“Now, one thing I tell everyone is learn about real estate. Repeat after me: real estate provides the highest returns, the greatest values and the least risk.” - Armstrong Williams
Real estate syndication offers multiple tax benefits for passive investors, such as:
Depreciation: Depreciation on commercial real estate assets, particularly multifamily properties, is a significant tax advantage. The IRS allows depreciation of the building (not the land) over 27.5 years. Cost segregation studies can accelerate depreciation by assigning 5, 7, and 15-year depreciation schedules to various property components, enabling large paper losses in the first year.
Example: Let's assume a syndication purchases a multifamily property for $10 million, with $8 million allocated to the building and $2 million to the land. Using straight-line depreciation, the annual depreciation for the building would be $8 million / 27.5 years = $290,909.
If a cost segregation study assigns $3 million of the building's value to 5, 7, and 15-year depreciation schedules, the accelerated depreciation for the first year could be up to 80% of this amount, or $2.4 million. With this bonus depreciation, the first-year paper losses for the syndication would be $290,909 (straight-line) + $2,400,000 (bonus) = $2,690,909.
Cost Segregation: Cost segregation studies can accelerate depreciation by assigning 5, 7, and 15-year depreciation schedules to various property components, enabling large paper losses in the first year. An engineer performs a cost segregation study, breaking down the building and property items and allocating them to the different depreciation schedules. Up to 80% of items under the 5, 7, and 15-year schedules can be expensed in year one.
Example: In a $10,000,000 deal, an investor could potentially write off 15-25% of the purchase price in the first year. This means that if an investor invested $100,000, they could leverage $100,000 in paper losses during that first year.
Carrying Over Passive Losses: Excess paper losses from bonus depreciation in the first year can be carried over to subsequent years, potentially offsetting taxes on cash flow distributions throughout the syndication's 5-7 year hold period.
Example: If an investor's share of the first-year paper losses is $50,000 and their cash flow distribution is $10,000, their net loss on the K-1 tax form would be -$40,000 ($10,000 - $50,000). This excess loss can be carried forward to year 2, offsetting taxes on future distributions.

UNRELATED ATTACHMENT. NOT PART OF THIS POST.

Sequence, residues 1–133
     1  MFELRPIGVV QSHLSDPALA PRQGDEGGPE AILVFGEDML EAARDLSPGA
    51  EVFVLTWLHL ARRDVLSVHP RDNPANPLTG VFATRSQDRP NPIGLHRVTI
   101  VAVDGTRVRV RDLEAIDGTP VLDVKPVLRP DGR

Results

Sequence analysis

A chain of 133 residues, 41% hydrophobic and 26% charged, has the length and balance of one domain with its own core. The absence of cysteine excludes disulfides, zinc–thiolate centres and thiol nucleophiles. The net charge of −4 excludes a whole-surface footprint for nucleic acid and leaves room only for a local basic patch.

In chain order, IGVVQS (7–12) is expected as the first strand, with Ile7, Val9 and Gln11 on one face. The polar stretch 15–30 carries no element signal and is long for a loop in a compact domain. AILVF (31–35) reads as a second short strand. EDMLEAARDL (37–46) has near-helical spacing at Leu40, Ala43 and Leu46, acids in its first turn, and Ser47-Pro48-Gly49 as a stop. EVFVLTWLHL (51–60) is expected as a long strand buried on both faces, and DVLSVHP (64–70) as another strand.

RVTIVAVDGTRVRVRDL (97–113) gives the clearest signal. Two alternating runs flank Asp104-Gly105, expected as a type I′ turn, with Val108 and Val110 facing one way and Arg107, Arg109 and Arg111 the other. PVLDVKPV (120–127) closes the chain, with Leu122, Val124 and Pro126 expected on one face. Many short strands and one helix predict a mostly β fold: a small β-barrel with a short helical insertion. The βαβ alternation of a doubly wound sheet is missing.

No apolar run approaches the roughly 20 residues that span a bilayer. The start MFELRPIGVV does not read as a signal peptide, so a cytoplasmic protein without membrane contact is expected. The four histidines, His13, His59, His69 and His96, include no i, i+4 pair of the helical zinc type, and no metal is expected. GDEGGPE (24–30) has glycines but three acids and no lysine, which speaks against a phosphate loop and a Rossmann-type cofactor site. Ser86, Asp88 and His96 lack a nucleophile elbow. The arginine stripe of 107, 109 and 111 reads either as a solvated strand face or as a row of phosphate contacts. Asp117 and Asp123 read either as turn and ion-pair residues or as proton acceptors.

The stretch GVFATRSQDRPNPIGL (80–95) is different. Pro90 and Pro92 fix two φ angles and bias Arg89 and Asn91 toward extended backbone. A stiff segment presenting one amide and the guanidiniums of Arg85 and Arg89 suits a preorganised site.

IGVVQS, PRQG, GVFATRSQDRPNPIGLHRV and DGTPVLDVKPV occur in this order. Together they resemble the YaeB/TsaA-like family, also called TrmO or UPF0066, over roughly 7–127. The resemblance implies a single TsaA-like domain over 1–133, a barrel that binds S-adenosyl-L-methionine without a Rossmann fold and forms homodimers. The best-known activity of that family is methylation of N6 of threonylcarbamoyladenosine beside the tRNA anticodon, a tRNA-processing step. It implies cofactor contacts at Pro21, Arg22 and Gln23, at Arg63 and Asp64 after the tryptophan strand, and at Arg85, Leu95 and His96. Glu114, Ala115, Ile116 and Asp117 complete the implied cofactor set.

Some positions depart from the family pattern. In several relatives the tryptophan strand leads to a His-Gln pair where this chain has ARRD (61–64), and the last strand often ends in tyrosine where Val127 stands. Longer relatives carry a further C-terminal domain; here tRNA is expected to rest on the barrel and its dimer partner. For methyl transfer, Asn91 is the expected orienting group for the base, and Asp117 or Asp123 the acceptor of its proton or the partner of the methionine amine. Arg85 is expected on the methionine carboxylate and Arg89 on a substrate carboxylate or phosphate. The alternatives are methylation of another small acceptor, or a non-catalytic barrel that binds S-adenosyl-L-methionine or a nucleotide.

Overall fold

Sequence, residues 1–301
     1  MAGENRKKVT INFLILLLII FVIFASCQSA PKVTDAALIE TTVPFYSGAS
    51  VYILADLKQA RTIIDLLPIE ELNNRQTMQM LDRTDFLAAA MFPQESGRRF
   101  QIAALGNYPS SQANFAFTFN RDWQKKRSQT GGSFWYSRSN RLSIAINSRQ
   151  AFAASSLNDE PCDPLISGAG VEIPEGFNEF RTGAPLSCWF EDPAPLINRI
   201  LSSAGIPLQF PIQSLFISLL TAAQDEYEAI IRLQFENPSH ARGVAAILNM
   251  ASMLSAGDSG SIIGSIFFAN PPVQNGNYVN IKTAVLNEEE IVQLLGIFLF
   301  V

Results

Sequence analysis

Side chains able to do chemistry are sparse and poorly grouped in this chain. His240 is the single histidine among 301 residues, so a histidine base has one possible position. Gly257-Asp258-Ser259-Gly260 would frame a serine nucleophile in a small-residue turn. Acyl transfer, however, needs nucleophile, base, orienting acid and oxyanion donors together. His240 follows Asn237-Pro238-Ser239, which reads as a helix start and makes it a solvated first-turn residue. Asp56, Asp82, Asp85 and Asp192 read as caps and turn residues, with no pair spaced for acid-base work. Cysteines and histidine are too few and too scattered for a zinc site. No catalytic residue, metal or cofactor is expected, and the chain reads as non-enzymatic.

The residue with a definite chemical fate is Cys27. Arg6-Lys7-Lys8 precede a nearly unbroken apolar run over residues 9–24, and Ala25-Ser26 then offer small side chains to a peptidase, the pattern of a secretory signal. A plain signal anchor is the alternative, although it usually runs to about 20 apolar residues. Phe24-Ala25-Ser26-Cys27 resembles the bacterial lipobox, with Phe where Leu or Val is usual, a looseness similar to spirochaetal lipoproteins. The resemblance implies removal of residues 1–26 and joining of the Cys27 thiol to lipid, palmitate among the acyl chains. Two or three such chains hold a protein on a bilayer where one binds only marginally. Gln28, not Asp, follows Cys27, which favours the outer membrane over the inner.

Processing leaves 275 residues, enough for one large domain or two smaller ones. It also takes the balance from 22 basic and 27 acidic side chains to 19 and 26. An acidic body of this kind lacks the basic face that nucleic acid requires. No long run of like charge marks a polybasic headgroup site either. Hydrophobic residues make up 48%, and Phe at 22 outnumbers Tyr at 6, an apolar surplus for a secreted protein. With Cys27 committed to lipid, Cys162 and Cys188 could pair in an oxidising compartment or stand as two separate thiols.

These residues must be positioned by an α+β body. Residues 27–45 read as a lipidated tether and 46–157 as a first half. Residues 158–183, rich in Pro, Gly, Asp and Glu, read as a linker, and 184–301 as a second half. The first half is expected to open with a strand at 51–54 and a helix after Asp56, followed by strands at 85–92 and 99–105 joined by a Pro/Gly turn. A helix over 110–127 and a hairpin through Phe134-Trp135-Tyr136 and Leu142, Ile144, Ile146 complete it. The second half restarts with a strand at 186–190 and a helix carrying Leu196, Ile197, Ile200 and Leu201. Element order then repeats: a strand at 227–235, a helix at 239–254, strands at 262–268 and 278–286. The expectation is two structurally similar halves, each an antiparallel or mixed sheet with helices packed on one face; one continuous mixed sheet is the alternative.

Cash-Out Refinance: A cash-out refinance offers tax-free liquidity to passive investors in a real estate syndication by distributing surplus loan proceeds after repaying the original loan.
Example: The original loan for a property is $5 million. After several years, the property's value increases to $10 million. The syndicator secures a new 70% LTV loan of $7 million. After repaying the original $5 million loan, the remaining $2 million ($7 million - $5 million) is distributed to investors tax-free, as it is considered a loan and not a gain.
Lower Capital Gains Tax Rate: With all the policial policies currently circulating reguarding the increase to capital gains, like this. "Top Combined Capital Gains Tax Rates Would Average 48 Percent Under Biden’s Tax Plan". Its is extremely important that you stratigize how this could impact you and minimize your exposure. Profits from property sales held for more than 12 months are classified as long-term capital gains, which have lower tax rates than short-term capital gains or ordinary income.
Example: If an investor's share of a property's sale profit is $100,000 and the property was held for over 12 months, the long-term capital gains tax rate would apply, potentially ranging up to 20% instead of the ordinary income tax rate, which can be as high as 37%. This results in significant tax savings for the investor.
Mortgage Interest: The annual interest paid on a mortgage can be used as a deduction, helping to further shelter the syndication's income from taxes.
Example: If a syndication pays $200,000 in mortgage interest for a year, this amount can be deducted from the taxable income, reducing the overall tax liability for the investors.
1031 Exchange: This powerful real estate investment strategy allows investors to defer capital gains tax liability by exchanging a property for a "like-kind" property within 180 days of the sale. Although this can be complex in a syndication with multiple investors, it's possible if all partners agree to participate in the 1031 exchange together.